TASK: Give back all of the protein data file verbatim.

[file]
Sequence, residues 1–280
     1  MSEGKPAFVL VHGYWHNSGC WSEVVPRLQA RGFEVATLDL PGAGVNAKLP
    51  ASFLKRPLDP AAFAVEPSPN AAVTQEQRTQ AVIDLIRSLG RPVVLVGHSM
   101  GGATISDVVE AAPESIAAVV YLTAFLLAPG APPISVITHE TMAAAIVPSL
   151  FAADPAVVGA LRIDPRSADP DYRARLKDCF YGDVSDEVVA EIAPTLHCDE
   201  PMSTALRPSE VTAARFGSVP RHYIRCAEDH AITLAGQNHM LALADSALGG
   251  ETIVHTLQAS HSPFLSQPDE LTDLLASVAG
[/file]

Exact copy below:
Sequence, residues 1–280
     1  MSEGKPAFVL VHGYWHNSGC WSEVVPRLQA RGFEVATLDL PGAGVNAKLP
    51  ASFLKRPLDP AAFAVEPSPN AAVTQEQRTQ AVIDLIRSLG RPVVLVGHSM
   101  GGATISDVVE AAPESIAAVV YLTAFLLAPG APPISVITHE TMAAAIVPSL
   151  FAADPAVVGA LRIDPRSADP DYRARLKDCF YGDVSDEVVA EIAPTLHCDE
   201  PMSTALRPSE VTAARFGSVP RHYIRCAEDH AITLAGQNHM LALADSALGG
   251  ETIVHTLQAS HSPFLSQPDE LTDLLASVAG